AIMS AND OBJECTIVES OF ISLAMIC EDUCATION
3.1. Problems in Islamic Schools
Before proceeding further, and in order to have a better understanding of the Aims Islamic Education it is better to first examine the problems facing the contemporary Islamic schools in the Western World. Generally these are:
No Adaab or Islamic etiquette or behaviour
Parents want teachers to be lenient
Some girls and boys meet secretly in the basement.
They have girl-friends and boy-friends.
They do smoke.
Profanity is written on the walls, desks, blackboards, etc.
Behave roughly: laughing, talking, screaming, rip off their Hijab on the buses.
Discipline: Behaviour is no different from the Public Schools.
Teachers are not fair. Spoiled kids as their parents are rich or important.
Less school activities for girls. Little opportunity to interact with other students.
Islamic schools are running without an Islamic curriculum, often without a syllabus.
No qualified and trained teachers or certified teachers. (Quality in education is not possible without good teachers.)
Those who attend Muslim high schools do not fare better in college.
Non-Muslim teachers who are qualified and certified. (Live-in boyfriend rejects institution of marriage. Wear tight and revealing outfit. Promote gay agenda, anti-religion agenda, or insensitive to Islamic values and events)
Qualified and certified Muslim teachers work in Public schools. As Islamic schools do not offer viable salaries, benefits (pension health benefits, etc.)
When they leave Islamic schools and graduate from colleges, some of them, they do marry non-Muslims as the Muslim community and their parents have exerted zero influence on them.
Chronic shortage of space, science labs, auditoriums, gyms, playgrounds, libraries, bathrooms.
High turnover rate (30 to 40 percent annually) of teachers.
Parents’ fear Islamic schools trade off academics for Islamic environment.
Organization, planning and discipline -suffer most in Islamic schools.
Governance is the big reason why most Islamic schools suffer
Do not develop an autonomous and unique decision-making (governance) structure
School Boards require training in how to run a school
School Boards rarely include women
Parents do not play a part in Governance structure
No qualified administrators
Some parents worry Islamic schools offer an inferior quality of education.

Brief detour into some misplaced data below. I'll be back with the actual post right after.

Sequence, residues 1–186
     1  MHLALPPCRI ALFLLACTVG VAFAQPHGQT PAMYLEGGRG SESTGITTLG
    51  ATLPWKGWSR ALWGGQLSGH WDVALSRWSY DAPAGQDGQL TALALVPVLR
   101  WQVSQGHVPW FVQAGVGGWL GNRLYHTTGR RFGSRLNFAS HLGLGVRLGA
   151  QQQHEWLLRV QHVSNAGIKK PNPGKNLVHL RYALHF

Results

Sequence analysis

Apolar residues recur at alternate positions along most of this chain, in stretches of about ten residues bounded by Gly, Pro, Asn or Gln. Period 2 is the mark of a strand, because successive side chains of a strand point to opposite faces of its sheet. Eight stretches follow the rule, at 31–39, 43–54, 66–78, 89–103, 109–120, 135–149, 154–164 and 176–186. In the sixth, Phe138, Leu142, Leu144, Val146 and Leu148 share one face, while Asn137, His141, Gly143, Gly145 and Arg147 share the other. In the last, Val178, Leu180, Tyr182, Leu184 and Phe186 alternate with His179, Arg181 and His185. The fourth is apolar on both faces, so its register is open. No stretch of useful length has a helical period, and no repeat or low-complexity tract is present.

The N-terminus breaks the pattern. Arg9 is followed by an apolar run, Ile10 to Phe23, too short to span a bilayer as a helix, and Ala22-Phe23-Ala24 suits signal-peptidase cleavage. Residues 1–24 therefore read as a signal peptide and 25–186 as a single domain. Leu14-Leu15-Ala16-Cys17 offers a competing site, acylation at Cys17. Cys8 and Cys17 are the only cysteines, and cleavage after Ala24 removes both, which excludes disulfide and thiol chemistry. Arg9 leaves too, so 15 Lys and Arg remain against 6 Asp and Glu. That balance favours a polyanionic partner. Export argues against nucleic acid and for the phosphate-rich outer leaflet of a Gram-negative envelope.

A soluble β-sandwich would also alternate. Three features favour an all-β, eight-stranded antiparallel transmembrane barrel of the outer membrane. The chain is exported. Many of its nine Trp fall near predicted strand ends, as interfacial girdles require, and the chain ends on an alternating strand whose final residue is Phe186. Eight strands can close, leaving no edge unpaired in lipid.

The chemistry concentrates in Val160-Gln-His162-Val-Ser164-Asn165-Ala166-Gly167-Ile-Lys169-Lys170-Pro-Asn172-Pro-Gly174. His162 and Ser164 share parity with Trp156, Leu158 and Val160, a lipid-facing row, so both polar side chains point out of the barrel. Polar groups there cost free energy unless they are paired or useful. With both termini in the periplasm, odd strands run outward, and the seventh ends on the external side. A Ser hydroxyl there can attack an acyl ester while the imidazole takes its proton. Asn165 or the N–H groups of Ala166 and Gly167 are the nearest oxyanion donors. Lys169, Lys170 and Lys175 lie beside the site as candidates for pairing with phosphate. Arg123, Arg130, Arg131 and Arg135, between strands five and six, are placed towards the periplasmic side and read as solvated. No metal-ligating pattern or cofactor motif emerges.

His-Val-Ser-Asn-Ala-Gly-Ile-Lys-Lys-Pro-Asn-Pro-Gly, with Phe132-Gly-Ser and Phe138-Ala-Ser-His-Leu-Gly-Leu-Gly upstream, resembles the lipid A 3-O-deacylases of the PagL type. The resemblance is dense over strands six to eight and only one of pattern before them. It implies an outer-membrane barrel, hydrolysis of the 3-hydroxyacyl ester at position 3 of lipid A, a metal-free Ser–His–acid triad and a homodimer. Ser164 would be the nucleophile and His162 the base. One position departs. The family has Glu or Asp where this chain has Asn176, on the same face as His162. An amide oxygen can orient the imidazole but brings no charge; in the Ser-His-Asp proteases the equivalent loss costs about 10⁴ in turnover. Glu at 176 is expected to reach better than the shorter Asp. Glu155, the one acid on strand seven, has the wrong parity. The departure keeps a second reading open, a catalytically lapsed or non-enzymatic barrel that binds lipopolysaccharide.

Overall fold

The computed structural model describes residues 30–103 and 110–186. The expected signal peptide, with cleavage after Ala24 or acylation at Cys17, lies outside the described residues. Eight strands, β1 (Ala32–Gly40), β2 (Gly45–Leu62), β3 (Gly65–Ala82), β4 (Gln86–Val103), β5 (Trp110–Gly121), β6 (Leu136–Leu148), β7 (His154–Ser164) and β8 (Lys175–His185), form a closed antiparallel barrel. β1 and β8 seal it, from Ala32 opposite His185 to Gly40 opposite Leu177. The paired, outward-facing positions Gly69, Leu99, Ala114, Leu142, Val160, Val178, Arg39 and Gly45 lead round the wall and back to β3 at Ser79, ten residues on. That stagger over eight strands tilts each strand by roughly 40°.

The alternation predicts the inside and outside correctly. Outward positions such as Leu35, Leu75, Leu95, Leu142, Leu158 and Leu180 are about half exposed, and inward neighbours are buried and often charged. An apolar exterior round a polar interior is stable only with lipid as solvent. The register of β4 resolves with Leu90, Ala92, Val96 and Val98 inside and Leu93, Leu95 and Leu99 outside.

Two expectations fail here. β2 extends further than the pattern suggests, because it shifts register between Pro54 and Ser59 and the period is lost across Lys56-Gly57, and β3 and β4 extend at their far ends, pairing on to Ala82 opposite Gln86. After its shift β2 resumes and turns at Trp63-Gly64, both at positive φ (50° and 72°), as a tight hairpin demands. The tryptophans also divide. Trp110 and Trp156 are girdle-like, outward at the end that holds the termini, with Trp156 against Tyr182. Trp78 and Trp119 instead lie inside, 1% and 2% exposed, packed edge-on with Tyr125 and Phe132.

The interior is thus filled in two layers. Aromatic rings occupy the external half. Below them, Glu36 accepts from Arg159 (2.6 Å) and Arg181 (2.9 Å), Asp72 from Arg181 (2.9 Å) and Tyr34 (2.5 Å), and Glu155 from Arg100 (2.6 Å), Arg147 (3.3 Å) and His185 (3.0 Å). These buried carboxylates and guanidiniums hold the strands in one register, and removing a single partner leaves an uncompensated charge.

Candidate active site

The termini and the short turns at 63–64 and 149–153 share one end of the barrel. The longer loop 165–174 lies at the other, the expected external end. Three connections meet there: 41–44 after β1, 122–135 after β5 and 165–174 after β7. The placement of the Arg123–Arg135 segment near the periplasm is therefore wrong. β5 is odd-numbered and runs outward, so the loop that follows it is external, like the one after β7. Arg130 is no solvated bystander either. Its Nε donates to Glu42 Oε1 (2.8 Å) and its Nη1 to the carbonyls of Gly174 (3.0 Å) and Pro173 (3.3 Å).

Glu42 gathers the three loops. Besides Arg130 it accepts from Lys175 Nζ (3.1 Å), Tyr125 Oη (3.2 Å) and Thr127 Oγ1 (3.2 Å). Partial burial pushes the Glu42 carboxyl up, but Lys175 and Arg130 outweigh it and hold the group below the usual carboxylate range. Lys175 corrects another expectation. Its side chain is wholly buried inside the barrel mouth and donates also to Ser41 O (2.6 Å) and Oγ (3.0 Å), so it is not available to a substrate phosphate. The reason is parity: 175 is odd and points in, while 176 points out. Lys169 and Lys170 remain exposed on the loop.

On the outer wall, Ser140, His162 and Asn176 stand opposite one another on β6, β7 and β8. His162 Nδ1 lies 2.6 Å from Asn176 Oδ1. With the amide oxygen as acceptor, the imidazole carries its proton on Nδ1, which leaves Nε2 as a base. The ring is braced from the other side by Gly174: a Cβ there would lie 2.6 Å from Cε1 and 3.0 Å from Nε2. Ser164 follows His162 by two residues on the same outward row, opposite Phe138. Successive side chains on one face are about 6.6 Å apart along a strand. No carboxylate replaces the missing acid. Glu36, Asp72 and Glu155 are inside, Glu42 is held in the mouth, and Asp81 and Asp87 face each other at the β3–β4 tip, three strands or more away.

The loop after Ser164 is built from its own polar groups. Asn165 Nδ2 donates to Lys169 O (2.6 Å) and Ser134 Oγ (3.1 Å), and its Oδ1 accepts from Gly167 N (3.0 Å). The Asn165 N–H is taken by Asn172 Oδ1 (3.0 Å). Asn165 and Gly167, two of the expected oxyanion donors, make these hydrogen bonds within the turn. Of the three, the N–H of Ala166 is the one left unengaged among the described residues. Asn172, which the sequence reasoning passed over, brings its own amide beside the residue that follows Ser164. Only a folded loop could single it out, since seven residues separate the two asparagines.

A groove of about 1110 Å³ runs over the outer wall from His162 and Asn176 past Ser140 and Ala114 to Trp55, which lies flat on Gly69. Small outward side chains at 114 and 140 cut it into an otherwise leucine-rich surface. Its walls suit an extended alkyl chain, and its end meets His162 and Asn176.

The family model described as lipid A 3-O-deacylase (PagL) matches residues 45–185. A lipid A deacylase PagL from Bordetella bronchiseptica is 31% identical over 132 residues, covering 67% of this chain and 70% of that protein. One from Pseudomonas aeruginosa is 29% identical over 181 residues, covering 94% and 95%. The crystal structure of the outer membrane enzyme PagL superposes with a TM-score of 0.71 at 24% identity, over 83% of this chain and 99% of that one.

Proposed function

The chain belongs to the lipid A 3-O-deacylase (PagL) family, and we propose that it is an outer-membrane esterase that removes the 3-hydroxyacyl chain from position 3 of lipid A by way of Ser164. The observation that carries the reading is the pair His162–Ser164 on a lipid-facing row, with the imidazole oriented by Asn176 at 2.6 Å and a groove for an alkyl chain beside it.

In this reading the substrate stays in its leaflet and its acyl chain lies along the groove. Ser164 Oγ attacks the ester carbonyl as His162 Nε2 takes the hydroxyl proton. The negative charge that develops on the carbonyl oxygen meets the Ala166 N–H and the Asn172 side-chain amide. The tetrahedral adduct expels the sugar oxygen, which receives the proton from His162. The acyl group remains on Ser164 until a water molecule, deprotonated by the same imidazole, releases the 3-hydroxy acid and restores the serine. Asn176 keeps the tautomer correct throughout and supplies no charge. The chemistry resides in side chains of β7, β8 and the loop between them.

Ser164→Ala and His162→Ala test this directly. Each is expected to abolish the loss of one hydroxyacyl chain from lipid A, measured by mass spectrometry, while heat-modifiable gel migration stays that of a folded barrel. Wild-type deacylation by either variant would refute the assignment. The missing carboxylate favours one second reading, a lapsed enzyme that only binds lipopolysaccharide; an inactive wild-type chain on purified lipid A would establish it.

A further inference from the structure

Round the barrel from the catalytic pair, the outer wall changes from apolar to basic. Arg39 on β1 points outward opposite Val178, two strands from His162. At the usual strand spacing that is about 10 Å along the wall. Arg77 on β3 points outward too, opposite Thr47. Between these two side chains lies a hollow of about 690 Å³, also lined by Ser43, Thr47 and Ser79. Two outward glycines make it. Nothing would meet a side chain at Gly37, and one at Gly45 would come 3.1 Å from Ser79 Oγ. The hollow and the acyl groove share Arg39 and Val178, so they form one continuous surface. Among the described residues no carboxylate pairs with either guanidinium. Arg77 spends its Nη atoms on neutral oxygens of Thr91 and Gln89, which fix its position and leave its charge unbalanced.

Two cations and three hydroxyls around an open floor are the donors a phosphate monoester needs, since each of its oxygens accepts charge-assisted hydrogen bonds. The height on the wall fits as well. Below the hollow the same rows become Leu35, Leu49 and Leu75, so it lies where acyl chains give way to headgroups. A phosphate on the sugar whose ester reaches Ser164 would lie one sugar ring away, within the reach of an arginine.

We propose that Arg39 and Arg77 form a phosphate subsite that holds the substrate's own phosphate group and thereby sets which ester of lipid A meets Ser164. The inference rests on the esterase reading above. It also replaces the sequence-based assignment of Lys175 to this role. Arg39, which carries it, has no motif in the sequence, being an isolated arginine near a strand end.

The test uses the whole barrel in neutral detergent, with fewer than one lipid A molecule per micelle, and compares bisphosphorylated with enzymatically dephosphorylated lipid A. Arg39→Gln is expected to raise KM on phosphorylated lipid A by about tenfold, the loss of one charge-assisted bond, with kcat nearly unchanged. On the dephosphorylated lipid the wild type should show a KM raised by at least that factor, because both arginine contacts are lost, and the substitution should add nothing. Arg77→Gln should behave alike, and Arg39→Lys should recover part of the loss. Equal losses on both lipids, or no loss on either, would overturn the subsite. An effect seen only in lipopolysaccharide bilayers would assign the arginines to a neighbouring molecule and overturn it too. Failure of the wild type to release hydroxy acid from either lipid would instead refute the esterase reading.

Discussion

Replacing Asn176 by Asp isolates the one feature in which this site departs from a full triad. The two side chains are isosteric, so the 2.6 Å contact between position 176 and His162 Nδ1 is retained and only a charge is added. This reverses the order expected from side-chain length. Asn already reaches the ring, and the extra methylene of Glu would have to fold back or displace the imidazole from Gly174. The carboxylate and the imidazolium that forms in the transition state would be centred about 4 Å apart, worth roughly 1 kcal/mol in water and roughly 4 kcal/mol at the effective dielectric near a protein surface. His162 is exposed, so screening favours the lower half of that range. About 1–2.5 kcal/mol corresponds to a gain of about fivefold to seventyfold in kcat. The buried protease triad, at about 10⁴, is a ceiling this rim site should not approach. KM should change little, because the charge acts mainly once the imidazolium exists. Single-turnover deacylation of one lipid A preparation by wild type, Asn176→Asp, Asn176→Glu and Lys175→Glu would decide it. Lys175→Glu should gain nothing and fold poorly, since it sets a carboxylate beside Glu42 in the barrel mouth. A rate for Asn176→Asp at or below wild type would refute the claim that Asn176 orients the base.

Children are not prepared to face competitiveness and the challenges of the modern world.
Seriously lacking in Muslim literature and culture.
For many Muslim families, Islamic schools are not affordable.
In sparse Muslim population areas, Islamic schools are not financially viable.
Very few trained Muslim teachers in special education or none
The Arabic language has three terms for education, representing the various dimensions of the educational process as perceived by Islam. The most widely used word for education in a formal sense is ta’lim, from the root ‘alima (to know, to be aware, to perceive, to learn), which is used to denote knowledge being sought or imparted through instruction and teaching. Tarbiyah, from the root raba (to increase, to grow, to rear), implies a state of spiritual and ethical nurturing in accordance with the will of God. Ta’dib, from the root aduba (to be cultured, refined, well-mannered), suggests a person’s development of sound social behavior. What is meant by sound requires a deeper understanding of the Islamic conception of the human being.
Education in the context of Islam is regarded as a process that involves the complete person, including the rational, spiritual, and social dimensions. As noted by Syed Muhammad al-Naquib al-Attas in 1979, the comprehensive and integrated approach to education in Islam is directed toward the “balanced growth of the total personalityaˆ¦through training Man’s spirit, intellect, rational self, feelings and bodily sensesaˆ¦such that faith is infused into the whole of his personality”. In Islamic educational theory knowledge is gained in order to actualize and perfect all dimensions of the human being. From an Islamic perspective the highest and most useful model of perfection is the prophet Muhammad, and the goal of Islamic education is that people be able to live as he lived. Seyyed Hossein Nasr wrote in 1984 that while education does prepare humankind for happiness in this life, “its ultimate goal is the abode of permanence and all education points to the permanent world of eternity”. To ascertain truth by reason alone is restrictive, according to Islam, because spiritual and temporal reality are two sides of the same sphere. Many Muslim educationists argue that favoring reason at the expense of spirituality interferes with balanced growth. Exclusive training of the intellect, for example, is inadequate in developing and refining elements of love, kindness, compassion, and selflessness, which have an altogether spiritual ambiance and can be engaged only by processes of spiritual training. Therefore Education in Islam is twofold: acquiring intellectual knowledge (through the application of reason and logic) and developing spiritual knowledge (derived from divine revelation and spiritual experience). According to the worldview of Islam, provision in education must be made equally for both. Acquiring knowledge in Islam is not intended as an end but as a means to stimulate a more elevated moral and spiritual consciousness, leading to faith and righteous action.